Unsure of where to go for dinner tonight? Don't consult the ROC United Diners Guide, the latest attempt by the Restaurant Opportunities Center to pressure restaurants into raising the minimum wage of $7.25 to a higher "living wage," ranging from $10 to $15 an hour.

ROC is a "worker center" which purports to represent employees, even though employees have not selected it.

It might sound noble to pressure restaurants into raising wages, but the unintended consequences are fewer jobs — which will go to more highly skilled employees.

When restaurants raise wages, the young and unskilled are priced out of jobs. The teen unemployment rate was 24 percent in July, and the African-American teen unemployment rate was 42 percent.

Fewer than 3 percent of employed Americans are paid minimum wage or below, but half of those workers are under 25.

Half of minimum wage workers are employed by the leisure and hospitality industry, mostly by restaurants — the point of entry into the workforce for many teens.

In Washington, D.C., the ROC United Diners Guide recommends Ben's Chili Bowl, or Jack Rose, or any of the Think Food Group restaurants, such as Jaleo or Minibar. The guide discourages going to Olive Garden or the Capital Grille.

The Restaurant Opportunities Center says that the purpose of its Dining Guide "is to provide you with the information and tools to communicate to managers and owners wherever you eat out, whenever you eat out, that you, the consumer, care about wages paid."

Restaurants get one of five possible points if they join ROCs Restaurant Industry Roundtable. According to Fabricio Rodriguez, who is coordinator and founder of ROC's Philadelphia office and who was contacted for this column, they do not have to pay to join.

They get points if tipped workers make at least $5 an hour, if non-tipped workers make $9 an hour, if employees get sick leave, and if at least half of employees have been promoted internally.

Examples of "High Road" restaurants are Shake Shack, Houlihan's, In-N-Out Burger, and Inspire BBQ.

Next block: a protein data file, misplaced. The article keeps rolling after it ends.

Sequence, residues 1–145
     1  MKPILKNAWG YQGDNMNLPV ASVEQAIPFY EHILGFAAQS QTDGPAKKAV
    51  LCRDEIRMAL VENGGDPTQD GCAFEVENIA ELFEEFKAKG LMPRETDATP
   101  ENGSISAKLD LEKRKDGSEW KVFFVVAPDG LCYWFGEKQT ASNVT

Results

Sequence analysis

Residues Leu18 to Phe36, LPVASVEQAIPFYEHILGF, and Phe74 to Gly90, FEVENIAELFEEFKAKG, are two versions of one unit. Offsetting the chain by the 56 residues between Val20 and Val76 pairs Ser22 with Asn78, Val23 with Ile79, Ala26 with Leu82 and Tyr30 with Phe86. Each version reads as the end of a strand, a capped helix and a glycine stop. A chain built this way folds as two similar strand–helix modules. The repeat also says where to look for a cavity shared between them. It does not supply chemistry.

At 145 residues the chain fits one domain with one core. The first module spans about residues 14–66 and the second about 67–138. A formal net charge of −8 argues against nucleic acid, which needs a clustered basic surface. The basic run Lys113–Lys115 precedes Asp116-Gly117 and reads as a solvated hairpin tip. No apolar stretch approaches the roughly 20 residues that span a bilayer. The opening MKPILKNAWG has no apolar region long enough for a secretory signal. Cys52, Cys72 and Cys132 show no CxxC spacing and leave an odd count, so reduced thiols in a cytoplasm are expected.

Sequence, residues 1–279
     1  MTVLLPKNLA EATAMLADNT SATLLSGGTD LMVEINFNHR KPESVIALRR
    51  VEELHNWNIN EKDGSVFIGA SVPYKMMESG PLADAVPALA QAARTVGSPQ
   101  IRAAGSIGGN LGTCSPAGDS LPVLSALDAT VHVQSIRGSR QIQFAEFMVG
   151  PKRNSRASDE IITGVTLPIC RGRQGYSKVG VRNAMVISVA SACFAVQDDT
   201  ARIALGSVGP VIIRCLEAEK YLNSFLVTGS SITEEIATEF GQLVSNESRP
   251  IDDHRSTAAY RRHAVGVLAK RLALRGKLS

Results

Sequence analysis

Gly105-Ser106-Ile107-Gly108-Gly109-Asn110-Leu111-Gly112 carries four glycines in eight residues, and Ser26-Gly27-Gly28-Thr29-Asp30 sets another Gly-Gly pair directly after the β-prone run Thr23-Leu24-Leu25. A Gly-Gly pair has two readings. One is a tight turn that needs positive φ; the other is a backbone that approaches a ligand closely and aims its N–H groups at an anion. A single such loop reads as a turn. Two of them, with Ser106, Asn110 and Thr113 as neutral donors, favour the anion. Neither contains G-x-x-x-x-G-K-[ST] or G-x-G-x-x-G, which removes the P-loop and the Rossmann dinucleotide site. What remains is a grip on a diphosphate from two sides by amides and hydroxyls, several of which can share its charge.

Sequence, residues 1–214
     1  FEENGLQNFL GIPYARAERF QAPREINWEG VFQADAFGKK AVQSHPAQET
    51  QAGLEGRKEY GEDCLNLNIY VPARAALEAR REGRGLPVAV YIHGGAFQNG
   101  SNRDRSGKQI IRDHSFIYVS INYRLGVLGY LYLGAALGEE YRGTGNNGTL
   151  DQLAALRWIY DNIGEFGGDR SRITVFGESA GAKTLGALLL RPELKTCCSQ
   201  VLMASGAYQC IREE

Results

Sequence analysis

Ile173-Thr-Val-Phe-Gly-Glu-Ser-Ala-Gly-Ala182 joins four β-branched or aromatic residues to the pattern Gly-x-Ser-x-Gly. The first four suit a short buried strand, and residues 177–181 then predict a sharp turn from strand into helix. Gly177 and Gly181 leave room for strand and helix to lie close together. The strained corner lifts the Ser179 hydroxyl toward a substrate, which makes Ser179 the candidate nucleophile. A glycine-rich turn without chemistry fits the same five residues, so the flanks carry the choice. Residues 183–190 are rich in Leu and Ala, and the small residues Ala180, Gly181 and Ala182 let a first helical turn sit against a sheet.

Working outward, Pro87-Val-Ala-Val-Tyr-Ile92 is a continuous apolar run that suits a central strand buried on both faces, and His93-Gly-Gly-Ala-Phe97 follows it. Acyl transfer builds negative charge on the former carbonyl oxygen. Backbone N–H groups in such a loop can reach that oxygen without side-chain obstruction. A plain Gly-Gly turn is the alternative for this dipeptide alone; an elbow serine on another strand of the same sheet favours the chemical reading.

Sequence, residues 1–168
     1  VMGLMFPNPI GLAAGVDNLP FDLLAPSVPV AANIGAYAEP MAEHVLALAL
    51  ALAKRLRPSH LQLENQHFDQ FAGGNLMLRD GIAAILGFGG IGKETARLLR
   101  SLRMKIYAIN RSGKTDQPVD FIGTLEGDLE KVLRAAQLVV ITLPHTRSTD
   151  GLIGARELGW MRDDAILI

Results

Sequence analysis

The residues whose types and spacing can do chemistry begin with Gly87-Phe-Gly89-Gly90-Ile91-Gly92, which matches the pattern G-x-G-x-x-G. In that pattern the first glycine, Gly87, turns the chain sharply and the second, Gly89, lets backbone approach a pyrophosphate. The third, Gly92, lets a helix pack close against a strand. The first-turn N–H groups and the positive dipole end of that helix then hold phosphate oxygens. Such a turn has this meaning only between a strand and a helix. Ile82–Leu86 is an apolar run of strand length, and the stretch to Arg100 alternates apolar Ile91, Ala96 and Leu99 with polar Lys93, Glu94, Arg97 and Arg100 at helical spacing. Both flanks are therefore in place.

Some restaurants, including those that are part of the Darden Restaurant Group, such as Longhorn Steakhouse, Olive Garden, Red Lobster, and Yard House, are given a symbol because they won't accede to ROC's demands.

ROC organizes demonstrations outside these restaurants to discourage diners.

The methodology for the Guide is unscientific. ROC interviews a restaurant in a chain at one location, and then extrapolates to the rest of the country.

ROC is a member of FastFoodForward, which is organizing protests all over the country in favor of higher wages for restaurant workers.

Besides Washington, D.C., ROC has affiliates in New Orleans, Miami, Michigan, Chicago, Philadelphia, Los Angeles, and Houston.

In 2011, the latest year available, it listed revenues of $2.7 million. Of that, more than 99 percent came from charitable contributions, according to the documents that ROC filed with the Internal Revenue Service.

No matter that restaurant workers have not voted to be represented by ROC or FastFoodForward, nor that ROC isn't required to file detailed financial disclosure documents with the Department of Labor.

No matter that the ROC Dining Guide might undermine these workers' jobs.

A May 2013 paper by University of California economics professors David Neumark and J.M. Ian Salas and Federal Reserve Board economist William Wascher concluded that a higher minimum wage results in more unemployment for teens and low-skill workers.

ROC should stop pretending to be friends of workers. Using the ROC Diners Guide will prevent teens from getting their foot on the first rung of the career ladder, reducing their lifetime earnings potential.

DIANA FURCHTGOTT-ROTH, a Washington Examiner columnist (dfr@manhattan-institute.org) and former chief economist at the U.S. Department of Labor, is a senior fellow at the Manhattan Institute for Policy Research.